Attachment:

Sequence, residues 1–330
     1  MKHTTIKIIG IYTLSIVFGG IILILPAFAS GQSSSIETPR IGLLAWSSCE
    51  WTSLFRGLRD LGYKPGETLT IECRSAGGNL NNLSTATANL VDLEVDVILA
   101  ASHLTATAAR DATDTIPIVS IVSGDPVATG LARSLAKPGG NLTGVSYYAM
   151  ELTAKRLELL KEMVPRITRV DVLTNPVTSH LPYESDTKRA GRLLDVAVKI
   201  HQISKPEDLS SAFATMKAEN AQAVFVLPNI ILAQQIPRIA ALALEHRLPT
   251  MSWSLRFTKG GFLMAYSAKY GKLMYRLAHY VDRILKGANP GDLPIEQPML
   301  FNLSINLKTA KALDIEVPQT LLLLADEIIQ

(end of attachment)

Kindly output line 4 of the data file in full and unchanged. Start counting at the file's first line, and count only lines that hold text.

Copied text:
   101  ASHLTATAAR DATDTIPIVS IVSGDPVATG LARSLAKPGG NLTGVSYYAM